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and of fruits, so as to blend their forms, colours, and scents (Virg. Copa, 14, 35) in the most agreeable manner. The annexed woodcut taken from a sarcophagus at Rome (Millin, Gal. Myth. ii. 100), shows a festoon adapted to be suspended by means of the fillets at both ends. Its extremities are skilfully encased in acanthus-leaves : its body consists apparently of laurel or bay, together with a profusion of fruits, such as apples, pears, pomegranates, bunches of grapes, and fir-cones. At Athens there was a market, called
for the manufacture and sale of this class of productions, the work being principally performed by women and girls. (Aristoph. Thes7ti 455.)
When a priest was preparing a sacrifice, he often appeared with a festoon intended to be placed on the door of the temple (festafronde, Virg. Aen. ii. 249 ; variis sertis, iv. 202 ; Juv. xii. 84 ; Lucan, ii. 354), on the front of the altar (Virg. Aen. i. 417) or upon the head of the victim. Thus in the Iliad (i. 14, 28), Chryses besides the gilded sceptre which denoted his office and authority carries a garland in honour of Apollo, which was probably wound about the sceptre. (See also Aristoph. Av. 894, Pax, 948 ; Callim. Hymn., in Cer. 45.) The act here described is seen in the ;annexed woodcut, which is taken from a bas-relief in the collection of antiques at Ince-Blundell, and represents a priestess carrying in her two hands a festoon to suspend upon the circular temple which is seen in the distance. As the festoons remained on the
temples long after their freshness had departed,
they became very combustible. The temple oJ
• Juno at Argos was destroyed in consequence of
their being set on fire. (Thuc. iv. 133. § 2-;' Pans. ii. 17. § 7.) The garlands on funereal monuments hung there for a year, and were then renewed. (Tibull. ii. 4. 48, 7. 32 ; Propert. in. 16. 23.) The funeral pile was also decorated in a similar manner, but with an appropriate choice of plants and flowers. (Virg. Aen. iv. 506.)
Festoons were placed upon the door-posts of private houses in token of joy and affection (TibulL i. 2. 14) more especially on occasion of a wedding. 'Lucan, ii. 354.) They were hung about a palace in compliment to the wealthy possessor (insertabo coronis atria, Prudent, in Symm. ii. 726) : and on occasions of general rejoicing the streets of a city were sometimes enlivened with these splendid and tasteful decorations. (Martial, vi, 79. 8.)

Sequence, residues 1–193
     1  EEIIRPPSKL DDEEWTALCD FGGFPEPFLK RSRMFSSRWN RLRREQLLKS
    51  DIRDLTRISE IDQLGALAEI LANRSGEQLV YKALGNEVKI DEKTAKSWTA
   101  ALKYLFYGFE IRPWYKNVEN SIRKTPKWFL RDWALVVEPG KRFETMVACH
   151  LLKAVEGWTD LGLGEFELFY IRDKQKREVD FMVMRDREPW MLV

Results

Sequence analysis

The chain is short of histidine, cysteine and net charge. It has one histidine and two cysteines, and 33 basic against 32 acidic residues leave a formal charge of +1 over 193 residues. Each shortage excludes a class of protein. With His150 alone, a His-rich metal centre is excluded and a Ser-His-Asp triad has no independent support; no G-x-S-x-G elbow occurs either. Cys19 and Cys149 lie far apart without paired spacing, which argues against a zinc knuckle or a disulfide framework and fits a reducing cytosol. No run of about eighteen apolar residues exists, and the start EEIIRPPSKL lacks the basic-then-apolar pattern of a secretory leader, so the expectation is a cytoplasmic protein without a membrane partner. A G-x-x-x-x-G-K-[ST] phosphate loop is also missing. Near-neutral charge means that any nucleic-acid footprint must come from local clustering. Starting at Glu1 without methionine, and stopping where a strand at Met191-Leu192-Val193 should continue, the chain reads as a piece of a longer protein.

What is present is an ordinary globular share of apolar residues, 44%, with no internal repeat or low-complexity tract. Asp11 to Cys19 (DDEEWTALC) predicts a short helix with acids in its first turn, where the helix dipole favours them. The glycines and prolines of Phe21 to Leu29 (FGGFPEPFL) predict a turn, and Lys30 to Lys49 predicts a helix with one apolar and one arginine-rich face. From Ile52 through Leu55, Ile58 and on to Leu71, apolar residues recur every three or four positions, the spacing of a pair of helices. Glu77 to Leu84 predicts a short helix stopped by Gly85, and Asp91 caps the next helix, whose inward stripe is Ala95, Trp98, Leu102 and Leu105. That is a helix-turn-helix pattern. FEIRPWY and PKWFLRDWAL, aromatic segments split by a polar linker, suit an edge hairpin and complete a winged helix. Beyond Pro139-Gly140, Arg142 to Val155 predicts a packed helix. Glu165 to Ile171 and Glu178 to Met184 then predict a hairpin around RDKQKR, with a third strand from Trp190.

The smaller garlands or crowns, which were worn by persons on the head or round the neck, are sometimes called serta. (Tibull. i. 7. 52.) The fashion of wearing such garlands suspended from the neck, was adopted by the early Christians. (Miii. Felix, 38.) [J. Y.]
SERVITUDES. The owner of a thing can use it in all ways consistent with his ownership, and he can prevent others from using it in any way that is inconsistent with his full enjoyment of it as owner. If the owner's power over the thing is limited either way, that is, if his enjoyment of it is subject to the condition of not doing certain acts in order that some other person may have the benefit of such forbearance, or to the condition of allowing others to do certain acts, which limit his complete enjoyment of a thing, the thing, is said " servire " to be subject to a " servitus." Hence when a thing was sold as " optima maxima," this was legally understood to mean that it was war ranted free from Servitutes. (Dig. 50. tit. 16. s. 90. 169 ; compare Cic. deLeg. Agr. iii. 2.) The existence of a Servitus must be proved: the pre sumption is that the ground is free (liber) till it is shown to be servient. Servitutes are also in cluded in the terms " Jura," and " Jura in Re," and these terms are opposed to Dominium or com plete ownership. He who exercises a Servitus therefore has not the animus domini, not even in the case of ususfructus, for the Ususfructuarius is. never recognized as owner in the Roman Law. The technical word for ownership, when the ususfructus is deducted from it, is Proprietas.
A man can only have a right to a servitus in another person's property; and a servitus can only be in a corporeal thing. Viewed with respect to the owner of the thing, a Servitus either consists in his being restrained from doing certain acts to his property, which otherwise he might do (servitus quae in non faciendo consistit j Servitus nec/a-tiva) ; or it consists in his being bound to allow some other person to do something to the propert}', which such person might otherwise be prevented from doing (servitus quae in patiendo consistit; Servitus affirmatives). A Servitus never consists in the owner of the servient property being obliged to do any act to his property, though he may be under an obligatio to do acts which are necessary towards the enjoyment of the Servitus. (Dig. 8. tit. 1. s. 15 ; Puchta, Inst. i. § 252, note e.)
There were two classes of Servitutes. Either they had for their subject a definite person, who could exercise the right, in which case they were